I also run my Aurender (ACS10) thru an EEM DAC2 and it delivers all I could ask in terms of sound; it is the combination I was looking for. The Aurender Conductor software provides flexibility and the built-in TEAC drive for ripping is convenient and provides plenty of hard drive storage.
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I recommend you consider the Ayre CODEX DAC. It is excellent and its cost is $1,999. Please see:
It operates as a DAC or a Preamp/DAC. It only has a USB and Toslink inputs. I strongly recommend you use its balanced XLR cables to your amplifier. It sounds much better when used with its balanced XLR connections.
Another option might be the Schiit YGGY DAC. I hope you are streaming Qobuz hi-res on your Aurender N100H. Their 24-bit/96 and 24-bit/192 albums are terrific sounding. Enjoy.
I’m not surprised that audiotroy recommended a Lumin, he is a dealer for them. A little slanted recommendation in my opinion.
As for the comment, an aurender will sound good with any dac, bs! A source component will only sound as good as the weakest link in the chain of components. Any aurender teamed up with a $300 dac will sound like a $300 dac. There are many decent music servers out there, Lumin is a decent server.
As for a 1 box solution, I would stay away from that. If you would have bought a 1 box solution a year ago and then wanted MQA for example, you would have to replace the whole box. If you would buy a FPGA based dac, you could get MQA probably for free. There are changes in the digital world, higher resolution formats, MQA, and who knows what’s being worked on that we don’t know about, find a good streamer (if you want to go down this path) and get a very good FPGA dac
Rbstereno, please get your facts straight, we are a dealer for Lumin because the Lumin products are consistantly some of the best sounding and best designed audio products out there...period.
We also sell a ton of great dacs.
If you look at Lumins reviews they are universally rated as making some of the best gear in each of their price points, they are famous for service, support, upgradability via fimrware upgrades.
Lumin is a giant company with resourses much greater than many tiny, tiny audio companies. Their parent company makes most of the cable boxes used in Asia as well as building broadcast video products.
Lumin's products are based on real engineering not flavor of the month parts and concepts which is why it has taken five years for them to beat their older platform. To this day a five year old Lumin A1 will still outperform many brand new dacs how do we know this because we had an A1 traded in and it still sounded ridiculously musical.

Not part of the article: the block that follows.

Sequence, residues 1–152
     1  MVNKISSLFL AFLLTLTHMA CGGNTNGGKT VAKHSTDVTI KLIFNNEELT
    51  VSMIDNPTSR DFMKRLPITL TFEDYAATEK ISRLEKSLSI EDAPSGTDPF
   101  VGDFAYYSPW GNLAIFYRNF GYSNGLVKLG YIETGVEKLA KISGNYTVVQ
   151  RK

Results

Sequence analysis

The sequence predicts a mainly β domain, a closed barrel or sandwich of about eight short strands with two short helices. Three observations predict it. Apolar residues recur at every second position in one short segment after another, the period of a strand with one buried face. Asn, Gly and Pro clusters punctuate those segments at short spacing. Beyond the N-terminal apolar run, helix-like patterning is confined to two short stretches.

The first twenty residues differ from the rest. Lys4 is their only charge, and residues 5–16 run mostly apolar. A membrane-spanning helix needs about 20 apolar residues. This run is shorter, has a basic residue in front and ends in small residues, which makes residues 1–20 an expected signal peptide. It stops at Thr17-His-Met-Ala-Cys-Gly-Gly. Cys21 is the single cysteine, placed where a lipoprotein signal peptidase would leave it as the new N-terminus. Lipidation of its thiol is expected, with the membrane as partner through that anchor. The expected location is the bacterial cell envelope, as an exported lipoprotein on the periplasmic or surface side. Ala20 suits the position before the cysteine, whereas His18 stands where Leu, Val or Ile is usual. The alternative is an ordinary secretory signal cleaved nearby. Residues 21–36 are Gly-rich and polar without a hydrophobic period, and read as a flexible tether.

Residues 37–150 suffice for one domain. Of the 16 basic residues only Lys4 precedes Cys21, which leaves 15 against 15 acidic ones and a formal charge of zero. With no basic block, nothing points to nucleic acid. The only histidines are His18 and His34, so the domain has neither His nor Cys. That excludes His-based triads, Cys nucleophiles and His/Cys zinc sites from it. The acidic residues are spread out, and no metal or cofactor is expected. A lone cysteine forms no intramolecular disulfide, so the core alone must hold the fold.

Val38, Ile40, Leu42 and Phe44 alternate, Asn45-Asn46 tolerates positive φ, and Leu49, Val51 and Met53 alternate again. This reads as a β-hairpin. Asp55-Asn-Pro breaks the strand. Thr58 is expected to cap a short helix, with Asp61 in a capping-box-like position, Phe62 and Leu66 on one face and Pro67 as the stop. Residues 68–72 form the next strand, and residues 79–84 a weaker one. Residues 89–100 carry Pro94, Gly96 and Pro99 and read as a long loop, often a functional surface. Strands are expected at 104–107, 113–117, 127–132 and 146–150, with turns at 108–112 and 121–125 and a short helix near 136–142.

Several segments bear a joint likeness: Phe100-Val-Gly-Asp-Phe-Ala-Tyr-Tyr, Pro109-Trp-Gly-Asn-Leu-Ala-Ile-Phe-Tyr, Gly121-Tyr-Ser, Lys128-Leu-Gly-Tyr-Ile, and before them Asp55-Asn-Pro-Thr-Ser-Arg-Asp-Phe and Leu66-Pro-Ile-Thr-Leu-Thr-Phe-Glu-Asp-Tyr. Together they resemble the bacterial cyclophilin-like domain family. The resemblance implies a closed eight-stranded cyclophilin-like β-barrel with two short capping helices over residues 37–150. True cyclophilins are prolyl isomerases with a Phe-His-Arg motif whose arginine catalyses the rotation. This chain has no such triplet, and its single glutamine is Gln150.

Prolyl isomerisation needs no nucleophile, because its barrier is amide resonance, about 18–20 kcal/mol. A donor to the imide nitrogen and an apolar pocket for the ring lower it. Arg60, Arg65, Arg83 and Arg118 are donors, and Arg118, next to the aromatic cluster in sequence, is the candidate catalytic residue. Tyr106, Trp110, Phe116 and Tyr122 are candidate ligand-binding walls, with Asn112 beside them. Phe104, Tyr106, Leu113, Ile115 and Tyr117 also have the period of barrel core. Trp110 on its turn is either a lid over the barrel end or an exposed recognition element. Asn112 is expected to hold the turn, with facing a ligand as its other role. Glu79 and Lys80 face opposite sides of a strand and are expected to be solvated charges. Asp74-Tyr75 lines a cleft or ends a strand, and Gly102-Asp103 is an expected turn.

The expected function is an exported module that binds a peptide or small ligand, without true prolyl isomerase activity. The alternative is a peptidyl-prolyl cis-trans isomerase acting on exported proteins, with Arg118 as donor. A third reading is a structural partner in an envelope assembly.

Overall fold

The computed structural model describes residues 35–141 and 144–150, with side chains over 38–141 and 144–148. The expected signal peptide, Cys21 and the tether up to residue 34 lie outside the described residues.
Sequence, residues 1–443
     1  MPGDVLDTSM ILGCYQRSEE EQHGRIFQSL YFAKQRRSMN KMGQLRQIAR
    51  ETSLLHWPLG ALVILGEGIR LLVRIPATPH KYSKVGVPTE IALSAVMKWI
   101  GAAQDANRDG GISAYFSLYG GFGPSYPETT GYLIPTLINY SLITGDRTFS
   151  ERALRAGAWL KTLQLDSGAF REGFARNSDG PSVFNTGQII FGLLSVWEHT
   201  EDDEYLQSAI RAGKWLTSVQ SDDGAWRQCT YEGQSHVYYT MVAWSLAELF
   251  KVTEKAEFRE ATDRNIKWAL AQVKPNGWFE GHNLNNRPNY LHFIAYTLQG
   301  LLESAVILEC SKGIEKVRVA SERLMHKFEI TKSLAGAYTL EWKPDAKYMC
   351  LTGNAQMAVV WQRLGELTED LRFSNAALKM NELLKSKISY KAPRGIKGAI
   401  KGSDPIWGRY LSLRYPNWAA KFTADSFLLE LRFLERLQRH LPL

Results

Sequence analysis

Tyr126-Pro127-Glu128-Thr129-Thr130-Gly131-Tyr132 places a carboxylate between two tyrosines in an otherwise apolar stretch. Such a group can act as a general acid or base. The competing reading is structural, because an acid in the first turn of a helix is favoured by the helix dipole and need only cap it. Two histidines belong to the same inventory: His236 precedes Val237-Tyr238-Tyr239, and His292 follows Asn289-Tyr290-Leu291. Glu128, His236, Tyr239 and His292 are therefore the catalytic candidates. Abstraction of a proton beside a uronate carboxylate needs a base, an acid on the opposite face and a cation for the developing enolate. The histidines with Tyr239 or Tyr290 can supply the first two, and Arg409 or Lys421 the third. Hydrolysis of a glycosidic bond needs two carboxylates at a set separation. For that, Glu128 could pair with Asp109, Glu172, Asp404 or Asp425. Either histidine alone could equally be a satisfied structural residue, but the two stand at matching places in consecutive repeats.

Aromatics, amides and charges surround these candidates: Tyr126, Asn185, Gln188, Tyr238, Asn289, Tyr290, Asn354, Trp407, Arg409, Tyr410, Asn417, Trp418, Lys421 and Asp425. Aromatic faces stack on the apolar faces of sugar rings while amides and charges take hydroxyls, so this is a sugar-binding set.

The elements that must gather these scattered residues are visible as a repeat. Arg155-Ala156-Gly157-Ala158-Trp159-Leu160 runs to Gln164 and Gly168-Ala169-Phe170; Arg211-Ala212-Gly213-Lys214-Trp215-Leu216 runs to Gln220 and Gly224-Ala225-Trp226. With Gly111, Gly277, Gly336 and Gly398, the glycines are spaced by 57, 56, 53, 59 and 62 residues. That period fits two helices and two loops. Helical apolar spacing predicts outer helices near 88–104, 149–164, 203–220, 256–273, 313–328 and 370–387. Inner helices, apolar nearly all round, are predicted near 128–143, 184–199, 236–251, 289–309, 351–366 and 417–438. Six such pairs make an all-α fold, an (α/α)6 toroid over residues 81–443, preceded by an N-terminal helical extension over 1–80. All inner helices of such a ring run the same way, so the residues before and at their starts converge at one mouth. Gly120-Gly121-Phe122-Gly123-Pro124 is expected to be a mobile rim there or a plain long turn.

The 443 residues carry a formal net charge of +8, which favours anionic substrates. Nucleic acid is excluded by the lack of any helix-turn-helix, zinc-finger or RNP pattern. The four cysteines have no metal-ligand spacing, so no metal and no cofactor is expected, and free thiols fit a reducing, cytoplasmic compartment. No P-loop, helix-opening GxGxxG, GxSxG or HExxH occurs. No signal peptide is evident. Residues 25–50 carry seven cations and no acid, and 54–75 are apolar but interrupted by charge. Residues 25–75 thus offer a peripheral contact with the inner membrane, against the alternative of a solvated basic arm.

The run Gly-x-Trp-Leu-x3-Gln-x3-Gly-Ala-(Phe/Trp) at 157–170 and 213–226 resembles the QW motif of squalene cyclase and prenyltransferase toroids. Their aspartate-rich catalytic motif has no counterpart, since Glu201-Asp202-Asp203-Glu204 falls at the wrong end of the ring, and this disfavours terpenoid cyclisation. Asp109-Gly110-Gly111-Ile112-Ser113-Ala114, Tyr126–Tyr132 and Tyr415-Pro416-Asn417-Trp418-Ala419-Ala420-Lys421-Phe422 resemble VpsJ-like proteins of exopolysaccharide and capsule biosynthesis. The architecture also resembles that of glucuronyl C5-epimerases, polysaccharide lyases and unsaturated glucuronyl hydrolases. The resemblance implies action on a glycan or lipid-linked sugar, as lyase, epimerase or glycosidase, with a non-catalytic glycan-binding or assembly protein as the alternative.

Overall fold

And in terms of your facts about FPGA again totally wrong, many manufactureres used FPGA to hold software, what is or is not relevant is if the company is offering upgrades to that core.
In the case of Chord whose dacs are FPGA based they almost never offer upgrades to their software as the code is a mature code honned over many years and there is no reason to change it as it is not possible for Robert Watts to come up with an improved version of the ideas and execution of his transient and time aligned digital filter.
FPGA is just a way of being able to hold software that is easy to change.
Lumin has added MQA and was one of the first to support it as well as Roon and they did that via an over the air upgrade!
Other issues is jitter transmitted from a server to a dac, you have a huge reduction in noise and jitter with an all in one streamer/dac not to mention you usually save money, howerver, we have seen in our testing that an Innnous server feeding an ethernet dac over ethernet did sound signfigantly better via the Innous feeding it then via a direct ethernet connection to the router.
As per our any comment, come on how many people are going to pay $2,800.00 for a server and use it with a $300 dac? Common sense means that this person would be looking at a suitable dac priced from $2k-5k.
Dave and Troy
Audio Doctor NJ
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